Wednesday, June 15, 2005

Wrens are go

Two summers ago I was stood outside my office window when a fledgling Great Tit landed on my head. Looking up I saw three more tumbling out from under by guttering.

Juvvy Wren | Leica Digilux 1 | © Steve Dudley

This year, a pairs of Wrens are using the same cavity and I've been watching them toing and froing with beakfuls of insects (too many moths for my liking which possibly indicates they are collecting moths from around where I trap in the back garden). Anyway, just after 2 o'clock this affy, I heard one of the Wrens going bullistic outside my office window - just a few feet from where I'm sat. I was watching him/her when I small bundle dropped vertically downwards. Standing up I could see a young Wren in my (unplanted) window box. It hopped up on to the edge of the box and started calling excitedly (now, if a human baby had just fallen the equivalent height it would be crying its bloody head off! And would have broken my window box). I quickly grabbed the camera and got this record snap of the occasion. Over the next two hours I counted at least seven descents, and all are now tucked up safely in the Leylandii hedge (and making a racket).

You big mother

Privet Hawkmoth

A small catch of only 57 moths of 14 species overnight. I had emptied the trap and began my inspection of the outside (moths regulalry sit in the outside of the trap in the nooks and crannies, and on the surrounding wall and fence). I turned it round to be greeted by my first Privet Hawkmoth of the year. What a cracking insect this is - a monster!

Privet Hawkmoth | Leica Digilux 1 | © Steve Dudley

Tuesday, June 14, 2005

Garden mothers

Despite yesterday being a cold day, overnight I got my second best catch of the year with 100 moths of 21 species including two new moths for the garden.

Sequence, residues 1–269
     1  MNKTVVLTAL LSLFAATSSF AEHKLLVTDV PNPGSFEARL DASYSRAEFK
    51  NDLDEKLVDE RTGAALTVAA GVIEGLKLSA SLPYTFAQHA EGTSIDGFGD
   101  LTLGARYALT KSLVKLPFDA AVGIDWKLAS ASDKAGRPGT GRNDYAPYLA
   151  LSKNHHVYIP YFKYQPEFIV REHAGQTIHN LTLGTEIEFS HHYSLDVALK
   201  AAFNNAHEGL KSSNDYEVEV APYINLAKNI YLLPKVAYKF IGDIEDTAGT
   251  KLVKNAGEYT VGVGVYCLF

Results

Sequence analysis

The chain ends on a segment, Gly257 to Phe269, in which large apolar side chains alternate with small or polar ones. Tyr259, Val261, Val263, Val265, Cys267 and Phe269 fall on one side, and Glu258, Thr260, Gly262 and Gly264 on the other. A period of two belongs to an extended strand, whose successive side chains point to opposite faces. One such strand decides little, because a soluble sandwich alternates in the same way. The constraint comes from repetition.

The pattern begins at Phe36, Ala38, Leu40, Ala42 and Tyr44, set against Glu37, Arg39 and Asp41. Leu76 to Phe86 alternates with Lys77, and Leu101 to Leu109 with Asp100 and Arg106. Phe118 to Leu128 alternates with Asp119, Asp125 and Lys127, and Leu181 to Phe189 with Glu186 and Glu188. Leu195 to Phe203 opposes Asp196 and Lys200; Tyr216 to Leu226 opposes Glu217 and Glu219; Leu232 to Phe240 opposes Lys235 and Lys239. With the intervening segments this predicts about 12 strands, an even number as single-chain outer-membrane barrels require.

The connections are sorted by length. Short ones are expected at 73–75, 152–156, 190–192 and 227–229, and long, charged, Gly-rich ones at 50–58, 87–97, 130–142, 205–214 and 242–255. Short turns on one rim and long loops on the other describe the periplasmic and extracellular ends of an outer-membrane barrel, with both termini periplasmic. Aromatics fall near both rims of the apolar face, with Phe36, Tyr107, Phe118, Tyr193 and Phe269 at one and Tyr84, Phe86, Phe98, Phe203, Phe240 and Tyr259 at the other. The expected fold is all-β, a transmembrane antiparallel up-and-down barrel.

Sandy Carpet - first for the garden

Green Pug - first for the garden

Pebble Prominent

Middle-barred Minor

Pale Prominent

All photos | Nikon Coolpix 995 | © Steve Dudley

One of the great things about trapping out here is that no one else is, has done in the recent past or is likely to in the future! So I feel I'm really contributing to our knowledge of not only moths, but everything else I record on Farcet Fen.

Friday, June 10, 2005

More garden moths

Putting out the trap last night I had one of those 'is it worth bothering with' moments. But boy was it ever! Up at 0500h to find 189 moths (of 24 species) in the trap! My best night for the year todate (best previous night being 3 June with 82 moths of 16 species). The pick of the bunch were -

Brown Rustic first for the garden

Burnished Brass Always a looker!

Dog's Tooth

Small Clouded Brindle

Straw Dot first for the garden

Back Garden
Looking pretty good and site of moth trap

Front garden

All photos | Leica Digilux 1 | © Steve Dudley

Wednesday, June 08, 2005

Farcet Fen

A reasonable moth catch overnight resulting in few year ticks including -

Poplar Hawkmoth

Angle Shades
Moths | Leica Digilux 1 | © Steve Dudley

And who says arable farmland is completely dead for birds. I remember when I first moved out here and somethoughtt I was nuts. Well, with 106 species on the garden list, a newly established breeding Tree Sparrow colony and regular goodies such as Barn Owl, Hobby and Marsh Harrier from the house - I rest my case!

Even the little irrigation reservoir is starting to come in to its own, with a reedy margin now establishing which issufficientt enough for Coot to breed. Great Crested and Little Grebes are visiting regularly (Little Grebe attempted to breed), and the local Barn Owl spends part of each evening hoovering up the voles from the ressy banks!

Coot Now breeding on the local irrigation reservoir

Great Crested Grebe I can even see this form the house!
Birds | Leica APO Televid 77 with 20xWA & Nikon Coolpix 995
© Steve Dudley

Sunday, June 05, 2005

Garden mothing

A reasonable moth catch overnight with 76 individuals of 22 species, including

Lime Hawkmoth First record for the garden

Elephant Hawkmoth First record for the garden

Dog's Tooth Second record for the garden

Swallow Prominent

All moths | Leica Digilux 1 | © Steve Dudley

Thursday, June 02, 2005

Hel-leo, leo, leo

Long-eared Owl chick

Another evening wander around the fens found me at Woodwalton Fen in search of all things crepuscular and nocturnal. A good warm evening provided great views of Hobby, Woodcock and one young of a brood of four Long-eared Owls. Grasshopper Warblers were vocal and my second sighting within a week of Badger here.

Hobby record shot at dusk. This bird was slighlty brown on the uppers and the red trousers very washed out indicating it isn't yet a full adult.

Photos | Leica APO Televid 77 with 20xWA & Nikon Coolpix 995
© Steve Dudley

Wednesday, June 01, 2005

A mothing spectacle

A cold night, so predictably the moth trap was hardly bustling with moths with only 17 insects caught.

Spectacle - its Biggles!

Pale-shouldered Brocade

All moths | Nikon Coolpix 995 | © Steve Dudley